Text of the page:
The halogenated anthraquinone is next reacted with a dialkyl-2-carbalkoxysuccinate having the formula: ##STR7## in which R is an alkyl group of from 1 to 6 carbon atoms. A suitable dialkyl-2-carbalkoxysuccinate, diethyl-2-carbethoxysuccinate, can be prepared by reacting diethylmalonate with ethyl bromoacetate.

Reaction of the halogenated anthraquinone with a dialkyl-2-carbalkoxysuccinate can conveniently be carried out in an organic solvent in the presence of an alkali metal hydride. From the reaction solution may be recovered a 1,8-dihydroxy-3-(2,2,3-trialkoxycarbonylpropyl)-9,10-anthraquinone having the formula: ##STR8## where R is an alkyl group of from 1 to 6 carbon atoms.

The triester compounds of formula 4 are converted to tricarboxy compounds, preferably by reacting with a strong base such as sodium hydroxide or potassium hydroxide. The reaction results in the formation of 1,8-dihydroxy-3-(2,2,3-tricarboxypropyl)-9,10-anthraquinone having the formula: ##STR9##

The polycarboxylic acid of formula 5 is decarboxylated, e.g., by refluxing in an organic solvent in the presence of a strong acid to yield 1,8-dihydroxy-3-(2,3-dicarboxypropyl)-9,10-anthraquinone having the formula: ##STR10##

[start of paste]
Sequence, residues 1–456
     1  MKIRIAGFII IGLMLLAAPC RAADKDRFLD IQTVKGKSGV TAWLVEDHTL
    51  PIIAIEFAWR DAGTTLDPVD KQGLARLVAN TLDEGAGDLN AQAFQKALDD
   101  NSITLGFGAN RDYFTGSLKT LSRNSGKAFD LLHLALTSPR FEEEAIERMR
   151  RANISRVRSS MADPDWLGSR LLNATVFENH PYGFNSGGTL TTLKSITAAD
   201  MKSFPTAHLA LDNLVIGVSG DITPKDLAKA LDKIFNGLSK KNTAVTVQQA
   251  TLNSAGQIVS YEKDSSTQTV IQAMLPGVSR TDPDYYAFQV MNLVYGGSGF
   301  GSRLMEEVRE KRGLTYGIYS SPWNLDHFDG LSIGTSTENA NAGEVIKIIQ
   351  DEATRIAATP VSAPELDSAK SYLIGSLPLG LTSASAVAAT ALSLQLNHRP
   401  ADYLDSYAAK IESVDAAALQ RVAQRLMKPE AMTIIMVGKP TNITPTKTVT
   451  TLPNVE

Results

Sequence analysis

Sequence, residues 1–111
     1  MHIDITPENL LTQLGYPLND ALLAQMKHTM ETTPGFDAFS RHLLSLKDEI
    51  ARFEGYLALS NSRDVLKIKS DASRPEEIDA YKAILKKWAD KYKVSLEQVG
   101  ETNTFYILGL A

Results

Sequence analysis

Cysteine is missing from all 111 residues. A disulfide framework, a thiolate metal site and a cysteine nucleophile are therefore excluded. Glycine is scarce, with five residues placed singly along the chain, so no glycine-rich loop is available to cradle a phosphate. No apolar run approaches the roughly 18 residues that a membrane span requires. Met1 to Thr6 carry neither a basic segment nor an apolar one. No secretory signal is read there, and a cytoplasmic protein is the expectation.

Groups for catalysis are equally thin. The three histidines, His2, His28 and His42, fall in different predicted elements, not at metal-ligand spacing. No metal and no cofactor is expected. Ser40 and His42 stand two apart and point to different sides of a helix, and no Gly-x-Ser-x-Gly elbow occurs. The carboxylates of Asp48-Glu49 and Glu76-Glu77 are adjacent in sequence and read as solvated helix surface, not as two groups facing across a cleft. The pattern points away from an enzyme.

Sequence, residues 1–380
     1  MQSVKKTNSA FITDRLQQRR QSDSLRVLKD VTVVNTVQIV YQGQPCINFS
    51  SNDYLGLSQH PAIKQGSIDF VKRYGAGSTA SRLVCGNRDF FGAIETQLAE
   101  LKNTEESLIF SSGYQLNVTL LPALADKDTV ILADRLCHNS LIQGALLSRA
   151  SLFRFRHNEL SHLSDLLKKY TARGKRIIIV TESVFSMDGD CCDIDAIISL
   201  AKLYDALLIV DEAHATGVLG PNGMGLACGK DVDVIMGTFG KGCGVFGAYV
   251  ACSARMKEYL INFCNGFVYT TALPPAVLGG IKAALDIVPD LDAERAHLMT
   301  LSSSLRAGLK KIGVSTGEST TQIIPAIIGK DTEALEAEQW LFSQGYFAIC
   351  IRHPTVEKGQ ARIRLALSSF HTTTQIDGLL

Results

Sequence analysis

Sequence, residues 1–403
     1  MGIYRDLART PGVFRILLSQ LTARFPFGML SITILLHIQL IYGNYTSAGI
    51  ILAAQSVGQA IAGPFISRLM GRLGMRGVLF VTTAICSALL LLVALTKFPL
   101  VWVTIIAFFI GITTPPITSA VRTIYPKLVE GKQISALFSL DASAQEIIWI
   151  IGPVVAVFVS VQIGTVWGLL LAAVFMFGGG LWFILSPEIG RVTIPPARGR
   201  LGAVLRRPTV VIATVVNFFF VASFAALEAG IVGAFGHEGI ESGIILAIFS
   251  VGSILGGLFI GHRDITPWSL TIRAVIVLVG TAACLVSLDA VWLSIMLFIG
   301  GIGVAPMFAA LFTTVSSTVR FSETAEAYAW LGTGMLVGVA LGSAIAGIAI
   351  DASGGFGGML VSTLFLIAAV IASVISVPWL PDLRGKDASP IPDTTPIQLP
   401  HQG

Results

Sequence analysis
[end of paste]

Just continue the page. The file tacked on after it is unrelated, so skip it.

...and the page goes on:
The dicarboxylic compound of formula 6 is reduced, as by treating with a reducing agent such as stannous chloride or sodium borohydride, to produce 1,8-dihydroxy-3-(2,3-dicarboxypropyl)-9,10-(H)-anthr-9-one having the formula: ##STR11##

The carboxylic acid anthrone of formula 7 is condensed, as by treating with a condensation catalyst such as hydrogen fluoride, to affect cyclization to the compound 6,8-dihydroxy-1,2,3,4,7,12-hexahydro-1,7 dioxy-(1,2)-benzanthracene-3-carboxylic acid having the formula: ##STR12##

The angular benzanthracene compound of formula 8 for oxidized by air in aqueous base, for example, KOH, solution to the compound 6,8-dihydroxy-1,2,3,4,7,12-hexahydro-1,7,12-trioxo-(1,2)-benzanthrancene-3-carboxylic acid having the formula: ##STR13##

Hydroxylation is achieved uniquely in the desired position by Baeyer-Villiger oxidation to produce 1,4,5-trihydroxy-2-(2,3-dicarboxypropyl)-9,10-anthraquinone having the formula: ##STR14##